Sunday, December 21, 2014

"Rocco's Law" heads to Gov's desk, pet store bill advances in NJ

A bill toughening the penalties for killing a police dog is heading to Gov. Corbett's desk less than six months months after the stabbing death of a Pittsburgh K-9 during an altercation with a suspect.

"Rocco's Law" heads to Gov's desk, pet store bill advances in NJ

 

A bill toughening the penalties for killing a police dog is heading to Gov. Corbett's desk less than six months after the stabbing death of a Pittsburgh K-9 during an altercation with a suspect.

The lead sponsors of two bills that moved quickly through both chambers, call it a win for canine officers and handlers across the commonwealth.

“Rocco’s service to the community continues even after his tragic death by inspiring a fresh look at our anti-cruelty laws,” said Rep.John Maher, (R., Allegheny),

A spokesman for Gov. Corbett - a professed dog lover - said the governor has 10 days to sign the bill but did not indicate his position.

Rocco’s Law (Senate Bill 1261 and House Bill 2026) is named after the Pittsburgh canine officer who was stabbed in January while helping police apprehend a suspect. Rocco, seen above, later died from his injuries.

John Lewis Rush, 21, was wanted for violating probation and failing to register as a sex offender.

The bill would take effect 60 days after the governor's signature so it would not change the sentencing for Rush.

Senate Bill 1261 and House Bill 2026 amend Pennsylvania’s Dog Law and Title 18 (crimes code), respectively, to toughen penalties against anyone who severely injures or kills a police animal - including police horses - from a third to a second degree felony. The second degree felony comes with a fine of $25,000 and up to 10 years in prison.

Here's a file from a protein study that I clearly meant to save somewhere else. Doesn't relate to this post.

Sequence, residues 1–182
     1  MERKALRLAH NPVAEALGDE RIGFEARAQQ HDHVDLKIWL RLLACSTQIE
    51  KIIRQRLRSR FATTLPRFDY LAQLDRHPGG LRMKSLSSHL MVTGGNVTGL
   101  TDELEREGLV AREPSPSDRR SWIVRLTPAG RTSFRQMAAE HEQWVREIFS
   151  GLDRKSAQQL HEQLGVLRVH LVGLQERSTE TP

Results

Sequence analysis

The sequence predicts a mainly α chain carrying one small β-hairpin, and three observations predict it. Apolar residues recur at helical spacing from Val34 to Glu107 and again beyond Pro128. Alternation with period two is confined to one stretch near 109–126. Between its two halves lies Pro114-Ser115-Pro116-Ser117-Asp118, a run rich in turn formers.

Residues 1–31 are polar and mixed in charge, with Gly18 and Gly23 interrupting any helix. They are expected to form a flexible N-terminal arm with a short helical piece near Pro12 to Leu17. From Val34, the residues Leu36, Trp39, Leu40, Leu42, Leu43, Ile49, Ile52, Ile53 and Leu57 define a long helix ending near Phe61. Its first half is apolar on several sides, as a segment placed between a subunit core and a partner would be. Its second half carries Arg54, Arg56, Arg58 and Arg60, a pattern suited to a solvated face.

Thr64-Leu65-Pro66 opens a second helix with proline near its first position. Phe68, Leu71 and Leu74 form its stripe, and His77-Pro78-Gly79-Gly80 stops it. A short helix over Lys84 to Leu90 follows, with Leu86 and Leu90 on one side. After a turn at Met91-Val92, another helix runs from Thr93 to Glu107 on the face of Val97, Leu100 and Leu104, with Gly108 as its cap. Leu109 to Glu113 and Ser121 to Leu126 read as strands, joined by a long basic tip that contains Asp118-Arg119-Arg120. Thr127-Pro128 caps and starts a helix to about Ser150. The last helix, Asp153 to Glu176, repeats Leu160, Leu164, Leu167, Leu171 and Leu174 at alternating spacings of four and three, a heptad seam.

Currently the penalties for severely injuring or killing a police animal are the same as taunting it.

Meanwhile, across the Delaware River, the New Jersey state Senate has passed a bill requiring pet stores post information about where puppies and kittens they sell originate.

Animal welfare advocates are hailing the bill as a way to protect consumers from purchasing sick or genetically defective dogs from puppy mills.

Research by the national leading animal welfare groups indicates that 99 percent of puppies come from puppy mills - commercial breeders that house puppies and their parents in inhumane conditions, putting profit before the health of the animals.

Currently, consumers are allowed access to breeder records only after they purchase a puppy or kitten.

“New Jersey pet store consumers should not be duped into unwittingly supporting the cruel puppy mill industry, or into buying puppies exposed to this unique set of physical and behavioral problems created by this substandard upbringing,” Kathleen Schatzman, New Jersey director for the Humane Society of the United States, told the Newark Star-Ledger.

Under the bill (S1870), a pet store must post the breeder’s name, address, phone number and United States Department of Agriculture license number, as well as information about how to access breeder inspection records on the USDA website. The information also would be required in internet and print ads Pet stores that do not comply would be fined $500 per violation.

An eleventh hour effort by breeders groups and the pet store industry failed to stop the bill's passage.The bill is expected to be voted on by the state House in the fall.

A similar bill was just signed into law in Connecticut.

State House Rep. Kevin Schreiber (D., York) has introduced a similar bill in Pennsylvania but it has yet to move out of committee. The New Jersey bill has implications for breeders in Pennsylvania since many New Jersey pet store dogs come from Pennsylvania kennels.

The bill also will prohibit stores from selling from out-of-state breeders who standards of care do not meet those in New Jersey's code and prohibit sales from breeders cited for serious violations of the federal Animal Welfare Act.

 

 

Amy Worden Inquirer Staff Writer
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Amy Worden Inquirer Staff Writer
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